HipHopCanada: What have you done in this industry that is really different or that people have picked up?
Stricklin: Well, I’m kind of a different person in hip-hop because I have a full-time job. Sometimes I don’t feel like I have the drive or the love for it that I should. If I’m not doing this then I know I have a job to fall back on. A lot of times a lot of people that I’m around, that’s all they do is full-time music and I’ve influenced some people from my home town to have something stable but still pursue your dream. Music is something you do because you love it but a lot of the times if you’re not Diddy or Jay you’re not gonna pay a lot of bills and there’s gonna be nights when you wonder how you’re gonna keep the lights on. I never had that feeling because I’ve always had a job. I think that’s what I brought to hip-hop, a different side of it. Trying to hold down a full time job while still pursing my dream.
Marco Polo: I think for me what I bring to the table is my stubbornness and desire to make music for myself no matter what trends change things and how hip-hop has changed since I started making beats. I make exactly what I want to hear. I think that for a lot of purists that like to sample records and this is specific to the production side of things, you can still make beats that way with samples you don’t have to change cause the stuff on the radio sounded electronic. You can just do pure hip-hop and still be successful and there’s still a market for it. Just grassroots sample-based hip-hop production.
Masta Ace: I think my contribution is the notion that you can be yourself in your music. So many rappers come into this game and they basically just try to follow this trend of whatever’s being said on records with whatever the popular sound is. Whatever the popular thing to be said is. Like, he’s rapping about cars and money, I gotta rap about cars and money. I think from the time that I first started making records my mentality was to go against the grain of whatever everybody else is doing. It maybe a little bit to my detriment but I always just kinda wanted to be me and not follow a trend and not be the same as anybody else. I think there are some young artists out there that need to take some lessons from that.
HipHopCanada: With that openness to being yourself do you feel like you’ve also offered a critique to parts of hip-hop that aren’t that?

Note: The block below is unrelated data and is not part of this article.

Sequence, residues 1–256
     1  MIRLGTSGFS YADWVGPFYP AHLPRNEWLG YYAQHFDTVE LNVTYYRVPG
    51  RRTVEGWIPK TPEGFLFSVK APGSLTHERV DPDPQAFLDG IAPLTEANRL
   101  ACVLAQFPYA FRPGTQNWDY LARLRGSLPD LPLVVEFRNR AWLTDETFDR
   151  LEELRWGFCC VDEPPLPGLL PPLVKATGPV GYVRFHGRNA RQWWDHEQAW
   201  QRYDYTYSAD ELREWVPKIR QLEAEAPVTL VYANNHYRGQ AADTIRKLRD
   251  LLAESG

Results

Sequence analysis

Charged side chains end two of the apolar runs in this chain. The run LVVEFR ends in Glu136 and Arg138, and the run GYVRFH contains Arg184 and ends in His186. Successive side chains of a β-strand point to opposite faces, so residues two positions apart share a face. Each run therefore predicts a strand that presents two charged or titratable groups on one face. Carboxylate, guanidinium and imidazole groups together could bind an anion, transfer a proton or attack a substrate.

Masta Ace: Yeah, I think I’ve been criticizing hip-hop at least since my second album. My debut was just trying to show that I could rap when I started the second album, SlaughtaHouse from that point its always been a commentary of this thing we call hip-hop and what’s going on around you. SlaughtaHouse was just about how the gansta-rap thing had just gone too far. Sittin’ On Chrome spoke about how east and West was divided and there needed to be some kind of reconnecton between them. Disposable talked about how disposable this music really is and how major labels don’t value our music the way they should and they can so easily move on the next guy. I think I’ve been critical about the fans as well.
HipHopCanada: Can you tell me what you respect about each other most?
Sticklin: I guess what I respect most about Ace and Marco is that they don’t have to try and fit in to what’s going on. What’s the name of this music we was just talking about Marco? Dubstep. Ace’s partner Rich is always trying to get us to do this, or do a dubstep album. Its all fine and good but I like that Ace is firm and you know, we do what we do, we do what we love and we feed the people the things they like about us. Yeah, we might do some different things but I like how they are rooted. They stay in their lane and they perfect their style in that lane. Marco stays in his lane with the hard beats and Ace stays in his lane and I respect that about both of them. For Marco to do these trendy beats he might make a more money but he’d rather just stay in his lane doing what he’s doing and same with Ace.
Marco Polo: You touched right on it. I think as a crew, that’s why we get along. We are like-minded when it comes to being creative we just stick to our guns in doing what we do. That’s one thing about Ace, every album progressed and got better and better but it’s still him. The production selection is top notch, he knows how to make an album and he’s never affected by what’s going on and that’s what’s contributed to his longevity. Both these dudes are extremely humble and they treat their fans correctly and that’s something I see a lot of newer artists who haven’t even earned those stripes yet being so disrespectful. When you come to our show we defiantly put the time into showing love back with our performance and after the show. We’re tired after a show and sometimes we don’t want to do that but we always make an effort. That’s one thing I learned from these guys being on the road years before I was. When it comes to Strick and his music, he does what he knows represents him; where he’s from and he speaks about things he’s done. That’s what we do. Our music reflects us.